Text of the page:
Victims of Fatal San Frasisco Shooting Can Sue ManufacturerBy William Claiborne
The Washington Post
A California state court ruled Monday that the families of the victims of a 1993 fatal shooting rampage in a San Francisco law office can sue the manufacturer of the assault-style pistol used in the incident for selling a weapon designed for mass killing.
A verdict against the manufacturer would be the first ruling anywhere to hold the maker of an assault-style weapon liable for the criminal use of its product.
Eight people were killed and six others wounded on July 1, 1993, when Gian Luigi Ferri walked into the law firm, removed two TEC-DC9 assault pistols from a briefcase and sprayed the offices with rapid fire before killing himself. Ferri was reported to have had a grudge against lawyers.
The incident helped spur passage of a nationwide ban on some assault weapons that was included in last year's omnibus crime bill.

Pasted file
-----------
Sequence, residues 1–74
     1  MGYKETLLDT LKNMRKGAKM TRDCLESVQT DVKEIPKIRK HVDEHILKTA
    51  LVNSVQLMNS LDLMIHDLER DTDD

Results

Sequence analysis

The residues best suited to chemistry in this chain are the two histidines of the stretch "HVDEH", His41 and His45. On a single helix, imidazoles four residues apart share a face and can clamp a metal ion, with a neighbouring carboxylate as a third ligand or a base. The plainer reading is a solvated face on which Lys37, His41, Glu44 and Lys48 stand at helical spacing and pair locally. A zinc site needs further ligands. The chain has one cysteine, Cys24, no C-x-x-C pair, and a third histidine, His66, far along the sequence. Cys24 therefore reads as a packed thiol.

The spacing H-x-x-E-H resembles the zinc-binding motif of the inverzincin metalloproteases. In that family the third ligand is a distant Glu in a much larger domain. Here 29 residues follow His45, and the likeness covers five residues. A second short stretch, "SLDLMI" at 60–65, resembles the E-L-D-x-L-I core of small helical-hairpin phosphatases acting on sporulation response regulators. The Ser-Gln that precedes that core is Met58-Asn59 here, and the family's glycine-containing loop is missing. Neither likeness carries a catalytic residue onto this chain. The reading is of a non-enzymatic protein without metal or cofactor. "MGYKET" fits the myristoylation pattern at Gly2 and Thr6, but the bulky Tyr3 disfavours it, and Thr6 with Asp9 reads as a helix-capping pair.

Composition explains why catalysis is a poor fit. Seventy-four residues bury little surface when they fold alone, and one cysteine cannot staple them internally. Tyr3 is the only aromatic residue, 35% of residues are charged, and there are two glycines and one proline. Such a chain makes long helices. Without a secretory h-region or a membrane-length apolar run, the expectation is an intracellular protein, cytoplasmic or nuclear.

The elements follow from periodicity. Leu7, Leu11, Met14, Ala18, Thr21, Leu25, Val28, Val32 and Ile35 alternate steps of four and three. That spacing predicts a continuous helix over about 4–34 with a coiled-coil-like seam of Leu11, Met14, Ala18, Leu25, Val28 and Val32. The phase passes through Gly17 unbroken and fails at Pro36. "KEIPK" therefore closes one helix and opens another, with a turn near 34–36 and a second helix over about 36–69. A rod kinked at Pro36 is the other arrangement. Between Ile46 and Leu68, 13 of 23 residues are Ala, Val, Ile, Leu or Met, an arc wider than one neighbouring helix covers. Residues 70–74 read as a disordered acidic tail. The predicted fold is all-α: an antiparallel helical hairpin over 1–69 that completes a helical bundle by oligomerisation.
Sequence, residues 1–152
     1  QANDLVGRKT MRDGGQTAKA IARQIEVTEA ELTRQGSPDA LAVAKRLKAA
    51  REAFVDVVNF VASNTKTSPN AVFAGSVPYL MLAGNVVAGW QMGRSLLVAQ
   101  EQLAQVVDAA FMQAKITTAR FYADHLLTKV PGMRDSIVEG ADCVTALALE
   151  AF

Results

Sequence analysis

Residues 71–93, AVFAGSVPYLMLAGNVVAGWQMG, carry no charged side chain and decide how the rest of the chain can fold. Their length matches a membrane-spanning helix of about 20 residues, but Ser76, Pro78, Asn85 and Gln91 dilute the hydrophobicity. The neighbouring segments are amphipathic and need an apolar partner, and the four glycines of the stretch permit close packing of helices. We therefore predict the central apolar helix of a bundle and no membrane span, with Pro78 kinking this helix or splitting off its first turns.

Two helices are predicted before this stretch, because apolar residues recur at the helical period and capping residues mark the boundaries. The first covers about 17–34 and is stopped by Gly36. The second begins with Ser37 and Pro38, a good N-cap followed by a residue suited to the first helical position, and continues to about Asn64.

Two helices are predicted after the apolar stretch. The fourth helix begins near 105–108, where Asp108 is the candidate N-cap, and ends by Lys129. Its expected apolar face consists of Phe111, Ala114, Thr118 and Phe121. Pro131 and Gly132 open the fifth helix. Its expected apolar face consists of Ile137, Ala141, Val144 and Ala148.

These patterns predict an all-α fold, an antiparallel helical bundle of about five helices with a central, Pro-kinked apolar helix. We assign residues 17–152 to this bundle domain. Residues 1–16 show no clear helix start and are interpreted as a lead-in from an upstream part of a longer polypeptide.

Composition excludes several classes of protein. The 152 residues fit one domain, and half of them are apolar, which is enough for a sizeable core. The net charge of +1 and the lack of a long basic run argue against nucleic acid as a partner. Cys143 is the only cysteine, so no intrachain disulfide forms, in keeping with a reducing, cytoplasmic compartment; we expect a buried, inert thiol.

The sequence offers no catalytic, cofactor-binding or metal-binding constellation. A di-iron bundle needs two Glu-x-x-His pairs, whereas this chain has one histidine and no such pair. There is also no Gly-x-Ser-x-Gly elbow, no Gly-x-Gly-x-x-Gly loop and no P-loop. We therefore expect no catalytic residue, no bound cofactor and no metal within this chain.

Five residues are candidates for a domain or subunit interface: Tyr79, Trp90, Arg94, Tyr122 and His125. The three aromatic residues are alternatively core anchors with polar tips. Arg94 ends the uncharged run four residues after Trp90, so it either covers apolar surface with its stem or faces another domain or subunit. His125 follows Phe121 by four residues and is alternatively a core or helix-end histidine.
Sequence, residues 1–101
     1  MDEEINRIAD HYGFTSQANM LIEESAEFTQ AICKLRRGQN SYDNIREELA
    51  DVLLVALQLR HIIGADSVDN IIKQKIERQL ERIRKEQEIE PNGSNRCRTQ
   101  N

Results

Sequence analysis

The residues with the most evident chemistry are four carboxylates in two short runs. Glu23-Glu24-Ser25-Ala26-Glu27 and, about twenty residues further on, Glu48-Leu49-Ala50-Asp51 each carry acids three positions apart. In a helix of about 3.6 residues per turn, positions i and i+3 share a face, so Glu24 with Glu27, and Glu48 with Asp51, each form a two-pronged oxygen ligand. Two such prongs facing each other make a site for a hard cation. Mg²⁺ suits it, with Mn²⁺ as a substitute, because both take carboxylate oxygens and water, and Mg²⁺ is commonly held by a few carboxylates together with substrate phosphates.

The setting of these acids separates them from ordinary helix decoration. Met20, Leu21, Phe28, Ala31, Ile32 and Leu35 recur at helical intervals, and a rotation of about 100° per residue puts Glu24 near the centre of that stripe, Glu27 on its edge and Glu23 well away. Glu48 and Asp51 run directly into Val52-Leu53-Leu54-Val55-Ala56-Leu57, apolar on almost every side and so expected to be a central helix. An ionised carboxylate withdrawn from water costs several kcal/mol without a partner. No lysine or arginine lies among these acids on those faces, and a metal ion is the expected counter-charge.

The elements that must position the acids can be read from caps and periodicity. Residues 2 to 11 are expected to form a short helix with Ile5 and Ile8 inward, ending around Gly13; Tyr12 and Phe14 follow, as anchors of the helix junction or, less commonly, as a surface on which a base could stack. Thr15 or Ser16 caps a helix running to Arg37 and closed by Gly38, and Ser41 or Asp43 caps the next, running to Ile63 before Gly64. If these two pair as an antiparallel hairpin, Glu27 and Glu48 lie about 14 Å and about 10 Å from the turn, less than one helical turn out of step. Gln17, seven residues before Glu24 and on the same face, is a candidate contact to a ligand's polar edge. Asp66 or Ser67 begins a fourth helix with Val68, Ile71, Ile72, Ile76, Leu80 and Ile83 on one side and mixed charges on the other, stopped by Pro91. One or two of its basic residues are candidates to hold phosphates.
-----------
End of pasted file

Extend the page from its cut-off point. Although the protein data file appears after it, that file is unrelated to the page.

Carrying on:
Superior Court Judge James Warren ruled that the Washington-based Center to Prevent Handgun Violence can bring to trial the lawsuit that it filed last May 18 against the makers of the TEC-DC9 on behalf of the victims and their families. The center's chairwoman is Sarah Brady, whose husband, former White House press secretary James S. Brady, was wounded in a 1981 assassination attempt against then-President Ronald Reagan.
Lawsuits were filed by the center against Intratec of Miami, maker of the TEC-DC9; U.S.A. Magazines of Downey, Calif., maker of the pistols' ammunition magazines; and Hell-Fire Systems Inc., a Colorado firm that made and sold a trigger adapter designed to make a semi-automatic weapon fire at a rate approaching that of a fully automatic machine gun. The center also sued a Las Vegas pawn shop where Ferri purchased one of the pistols.
Hell-Fire Systems has declared bankruptcy and, therefore, is automatically removed from the proceedings. Warren conditionally removed U.S.A. Magazines from the lawsuit but gave the center time to amend its complaint to tie the company more closely to the TEC-DC9 weapon.
Dennis Henigan, director of the center's Legal Action Project, called Warren's ruling "a great victory for gun victims."
He said "the ruling establishes a whole new principle of accountability for the gun industry," and said gun-makers will have to be concerned whether their products are "attractive to criminals" and whether they can be used as instruments of mass destruction.